Industry Voices—Entner: How spectrum allocation can speed up the mobile internet

spectrum
The FCC handles spectrum allocation in the United States. (Pixabay)

“More spectrum!” is the rallying cry among participants in the global race to be the first country to deploy 5G networks. Generally speaking, deploying more spectrum into a network means faster speeds and more capacity to handle consumer demands. But not all spectrum is created equal.

Low-frequency spectrum, below 1 GHz, typically travels farther and penetrates walls and buildings more easily than higher frequency spectrum, above 1 GHz. Radio signals in midband frequencies, between 1 GHz and 2.1 GHz, travel about two-thirds as far as frequencies below 1 GHz and have a harder time penetrating structures. While people can use their wireless device in the home, reception in inside rooms or the basement could be more difficult. High-frequency spectrum—between 2.1 GHz and 6 GHz—has a hard time penetrating walls. And spectrum above 6 GHz, called mmWave (millimeter wave) spectrum, does not travel far and has an even harder time penetrating structures.

Licenses to use spectrum are typically awarded by the Federal Communications Commission based on defined geographic areas and for specific amounts of spectrum. Engineers typically refer to the specific spectrum licenses as “channels” or “carriers.”

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Regulators can opt to allocate spectrum for large or small geographic areas, e.g., nationwide versus an economic area, and for bigger or narrower channels, e.g., a 5 MHz channel versus a 20 MHz channel. Licenses covering smaller geographic areas and for smaller amounts of spectrum are attractive to smaller providers who are willing to sacrifice peak data speeds for coverage. The question is what do regulators want? More bidders in a spectrum auction that provide slower speeds, or fewer bidders that can then offer faster speeds?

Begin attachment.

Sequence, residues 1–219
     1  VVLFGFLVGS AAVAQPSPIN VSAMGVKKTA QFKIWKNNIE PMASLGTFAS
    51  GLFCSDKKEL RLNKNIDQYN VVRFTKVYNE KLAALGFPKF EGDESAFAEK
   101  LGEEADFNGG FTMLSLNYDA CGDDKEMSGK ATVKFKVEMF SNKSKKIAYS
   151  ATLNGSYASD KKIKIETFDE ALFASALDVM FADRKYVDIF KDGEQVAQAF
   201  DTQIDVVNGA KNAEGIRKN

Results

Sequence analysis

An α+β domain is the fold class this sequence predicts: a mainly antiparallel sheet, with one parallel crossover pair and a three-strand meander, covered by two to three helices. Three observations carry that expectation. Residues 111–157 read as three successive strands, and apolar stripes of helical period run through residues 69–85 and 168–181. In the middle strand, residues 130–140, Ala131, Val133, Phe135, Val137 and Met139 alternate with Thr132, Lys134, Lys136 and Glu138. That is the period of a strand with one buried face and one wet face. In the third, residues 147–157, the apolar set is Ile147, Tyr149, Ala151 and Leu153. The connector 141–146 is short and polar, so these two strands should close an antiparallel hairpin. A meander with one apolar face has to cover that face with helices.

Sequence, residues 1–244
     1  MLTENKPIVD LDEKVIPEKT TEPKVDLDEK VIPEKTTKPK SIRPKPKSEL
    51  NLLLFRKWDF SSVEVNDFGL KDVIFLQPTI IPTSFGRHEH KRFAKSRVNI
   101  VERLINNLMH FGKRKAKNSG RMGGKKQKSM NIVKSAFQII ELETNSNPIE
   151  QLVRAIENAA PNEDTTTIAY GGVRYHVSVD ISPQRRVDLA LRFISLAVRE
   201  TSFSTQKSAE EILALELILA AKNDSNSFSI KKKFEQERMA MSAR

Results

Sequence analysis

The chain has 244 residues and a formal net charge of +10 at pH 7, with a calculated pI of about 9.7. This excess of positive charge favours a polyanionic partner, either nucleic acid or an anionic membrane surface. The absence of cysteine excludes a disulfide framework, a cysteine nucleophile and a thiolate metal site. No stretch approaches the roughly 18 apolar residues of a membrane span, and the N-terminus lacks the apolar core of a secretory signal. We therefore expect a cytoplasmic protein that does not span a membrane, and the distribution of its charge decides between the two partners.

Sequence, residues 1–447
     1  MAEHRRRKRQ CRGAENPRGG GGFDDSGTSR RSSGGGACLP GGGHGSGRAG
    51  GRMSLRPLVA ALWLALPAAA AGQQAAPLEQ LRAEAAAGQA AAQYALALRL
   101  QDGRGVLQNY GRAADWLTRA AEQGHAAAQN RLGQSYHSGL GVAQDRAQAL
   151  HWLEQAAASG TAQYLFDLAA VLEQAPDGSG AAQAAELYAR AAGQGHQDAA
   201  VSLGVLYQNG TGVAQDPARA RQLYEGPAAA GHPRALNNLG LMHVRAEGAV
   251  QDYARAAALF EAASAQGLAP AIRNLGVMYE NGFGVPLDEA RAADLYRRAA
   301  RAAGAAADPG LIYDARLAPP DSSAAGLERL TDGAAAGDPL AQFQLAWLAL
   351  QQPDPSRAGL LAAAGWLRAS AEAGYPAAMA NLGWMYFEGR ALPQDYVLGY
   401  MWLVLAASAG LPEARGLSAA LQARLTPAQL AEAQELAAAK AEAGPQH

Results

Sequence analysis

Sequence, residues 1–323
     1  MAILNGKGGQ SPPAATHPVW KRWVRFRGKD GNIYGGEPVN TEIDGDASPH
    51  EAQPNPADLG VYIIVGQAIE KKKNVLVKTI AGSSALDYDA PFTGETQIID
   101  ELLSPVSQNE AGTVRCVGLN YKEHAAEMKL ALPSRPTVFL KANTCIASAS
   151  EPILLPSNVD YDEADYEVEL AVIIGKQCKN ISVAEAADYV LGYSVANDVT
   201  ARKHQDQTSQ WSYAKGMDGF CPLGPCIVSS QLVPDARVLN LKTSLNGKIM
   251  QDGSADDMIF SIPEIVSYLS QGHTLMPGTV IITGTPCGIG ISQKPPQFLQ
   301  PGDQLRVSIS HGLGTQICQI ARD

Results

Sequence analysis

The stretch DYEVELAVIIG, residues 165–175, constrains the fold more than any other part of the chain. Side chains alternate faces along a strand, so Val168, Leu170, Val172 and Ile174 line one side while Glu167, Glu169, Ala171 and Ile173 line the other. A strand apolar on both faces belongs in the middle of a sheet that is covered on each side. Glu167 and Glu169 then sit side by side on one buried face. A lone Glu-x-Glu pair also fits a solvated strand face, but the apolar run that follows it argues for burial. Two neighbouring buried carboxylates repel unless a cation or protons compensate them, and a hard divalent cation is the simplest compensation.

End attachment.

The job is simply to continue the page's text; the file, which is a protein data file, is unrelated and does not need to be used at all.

Spectrum in the United States is highly fragmented and therefore does not yield the technically optimal speeds that could be achieved across the various spectrum bands described above. The FCC has awarded 22 5x5, three 6x6, four 10x10, one 11x11, three 15x15 and one 20x20 MHz licenses. The optimal channel size for 4G, a technology we started to implement in 2011, is 20x20 MHz. Prior FCCs have unfortunately allocated spectrum in ways that make it impossible to provide the fastest possible speeds in the United States. There is one exception to this trend: the FCC’s decision to allocate MSS satellite spectrum in a 20x20 MHz channel.